A hippo on acid: How our PR man took on Irchester Dirt Run

We sent our marketing man and occasional runner Craig Lewis out to take on the mud, rain and slippery slopes of the Irchester Dirt Run last month.

This is his report…

When your tattered trail trainers are slipping deeper into the mud and a fellow competitor strides past you with the words ‘fell runner’ emblazoned on their top, you know it’s going to be an interesting day.

All around me, runners are limbering up, gliding through the mud like some kind of apocalyptic version of Torvill and Dean.

Meanwhile, I am squelching around like a hippo on acid, at once excited to get the Irchester Dirt Run underway and simultaneously wallowing in the apparently glorious, blood cooling brown stuff.

I’ve signed-up to take on the 15k version of the event – there are also five and 10k runs available. It equates to three loops round Irchester Country Park, featuring one rather large hill, a fair bit of undulation all round, and – well – plenty of dirt.

For those looking to take part in future years, it’s worth noting the course reverses each year – today’s was the Uphill version, which basically meant we went up the big, muddy hill. Anyone doing it in future years who fancies the idea of a ‘downhill’ course should get that out of their heads as there are plenty of ups and downs throughout aside from the big one.

And so to the run itself. The first thing to say is that Irchester Country Park is beautiful. It’s a fantastic and peaceful companion as you push yourself along the trails and skip through the mud.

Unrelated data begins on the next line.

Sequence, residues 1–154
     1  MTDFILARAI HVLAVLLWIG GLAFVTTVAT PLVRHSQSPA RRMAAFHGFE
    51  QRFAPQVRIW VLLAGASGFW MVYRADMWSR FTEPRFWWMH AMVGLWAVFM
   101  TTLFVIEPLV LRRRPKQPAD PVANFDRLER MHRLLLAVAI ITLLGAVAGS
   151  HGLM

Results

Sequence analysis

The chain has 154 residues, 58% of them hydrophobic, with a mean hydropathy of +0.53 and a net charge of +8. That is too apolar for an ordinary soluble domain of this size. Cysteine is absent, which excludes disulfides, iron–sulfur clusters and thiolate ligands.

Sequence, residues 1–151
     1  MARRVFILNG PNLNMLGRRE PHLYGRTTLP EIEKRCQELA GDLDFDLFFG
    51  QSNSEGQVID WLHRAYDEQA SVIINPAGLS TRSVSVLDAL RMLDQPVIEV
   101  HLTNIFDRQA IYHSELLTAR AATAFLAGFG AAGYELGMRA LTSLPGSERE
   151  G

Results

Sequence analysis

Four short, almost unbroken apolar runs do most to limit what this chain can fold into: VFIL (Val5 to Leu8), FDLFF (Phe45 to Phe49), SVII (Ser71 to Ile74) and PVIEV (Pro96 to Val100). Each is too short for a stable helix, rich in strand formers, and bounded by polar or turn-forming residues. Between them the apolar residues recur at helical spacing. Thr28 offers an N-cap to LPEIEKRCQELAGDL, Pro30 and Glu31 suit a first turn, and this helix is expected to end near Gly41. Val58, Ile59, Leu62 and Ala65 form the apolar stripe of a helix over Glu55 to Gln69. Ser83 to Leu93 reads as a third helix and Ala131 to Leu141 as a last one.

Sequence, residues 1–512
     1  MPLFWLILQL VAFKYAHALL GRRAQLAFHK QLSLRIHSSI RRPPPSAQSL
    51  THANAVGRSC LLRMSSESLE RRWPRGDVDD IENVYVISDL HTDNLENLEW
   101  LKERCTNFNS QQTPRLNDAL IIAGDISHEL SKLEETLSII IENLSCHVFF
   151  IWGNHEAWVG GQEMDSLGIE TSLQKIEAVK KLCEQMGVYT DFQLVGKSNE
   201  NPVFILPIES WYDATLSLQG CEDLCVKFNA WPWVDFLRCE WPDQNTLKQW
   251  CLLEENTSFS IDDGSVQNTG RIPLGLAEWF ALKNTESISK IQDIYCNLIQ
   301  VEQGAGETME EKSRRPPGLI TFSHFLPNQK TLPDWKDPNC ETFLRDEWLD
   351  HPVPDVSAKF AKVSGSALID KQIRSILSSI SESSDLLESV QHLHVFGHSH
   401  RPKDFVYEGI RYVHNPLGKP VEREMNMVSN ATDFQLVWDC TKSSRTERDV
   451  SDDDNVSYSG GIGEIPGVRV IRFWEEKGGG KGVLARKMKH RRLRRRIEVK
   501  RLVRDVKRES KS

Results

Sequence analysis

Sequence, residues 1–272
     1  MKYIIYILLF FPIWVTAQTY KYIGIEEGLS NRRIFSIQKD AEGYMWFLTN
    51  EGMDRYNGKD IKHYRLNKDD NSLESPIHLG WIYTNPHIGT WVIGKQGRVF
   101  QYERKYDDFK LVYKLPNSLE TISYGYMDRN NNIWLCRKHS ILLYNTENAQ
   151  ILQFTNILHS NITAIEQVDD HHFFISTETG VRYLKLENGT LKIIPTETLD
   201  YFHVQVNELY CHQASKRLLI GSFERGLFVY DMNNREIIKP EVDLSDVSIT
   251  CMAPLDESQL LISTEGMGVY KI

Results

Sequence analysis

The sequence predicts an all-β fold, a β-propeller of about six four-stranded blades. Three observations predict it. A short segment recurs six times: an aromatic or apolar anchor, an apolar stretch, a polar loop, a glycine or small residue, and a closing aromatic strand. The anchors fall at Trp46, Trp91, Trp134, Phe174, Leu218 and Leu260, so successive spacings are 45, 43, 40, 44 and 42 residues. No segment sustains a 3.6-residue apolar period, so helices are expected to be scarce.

Of course, there are the super speedy so-and-so’s at the front who disappear off into the distance within the first few metres, somehow having no problem gliding over the sodden course to record times mere mortals can only dream about on the track. This being a lapped event, you occasionally get to see these trail gazelles whizz by in the opposite direction on their way to Dirt Run immortality.

Meanwhile, the likes of this mediocre mid-packer can only smile as they slip and slide through the forest. On one spectacular occasion my feet lose traction with the deceitful dirt and I start to slide, like a car with balding tyres on thin ice, careering towards seemingly certain doom. Somehow, via a tortuous twist I didn’t realise my middle-aged body was capable of I manage to correct myself and plough onwards. The mud spattered and stained backs and backsides of other runners suggest they weren’t so lucky.

There are moments within each lap where solid trails greet your feet like an old friend, and even where you are swept downhill. My advice would be to embrace those interludes and take full advantage of their kindness. The mud and rain and hills will be sure to find you again, like your worst hangover ready to welcome you after you’ve endulged in too many good times.

But if all this sounds like trial by trails, fear not. The very muddy hell of the Dirt Run is what makes it so great. You have no choice but to laugh and smile as you trot along. Yes, the joy of physical challenge is there, but so is that of getting out in the countryside, and of being with like-minded lunatics, and of running like a child straight through the biggest puddle because you can.

Before I know it, there I am. Three laps down. Fifteen kilometres done. One pair of trainers that will never be the same. The finish.

A quick shout of recognition from Go Beyond supremo Simon Hollis, and it is all over. No more mud, no more rain, no more uphill.

And, incredibly, stupefyingly, at least one fellow dirt lover with a ‘fell runner’ t-shirt finishing behind me.

Next year is downhill you say?

You can find more information about the Irchester Dirt Run by clicking this link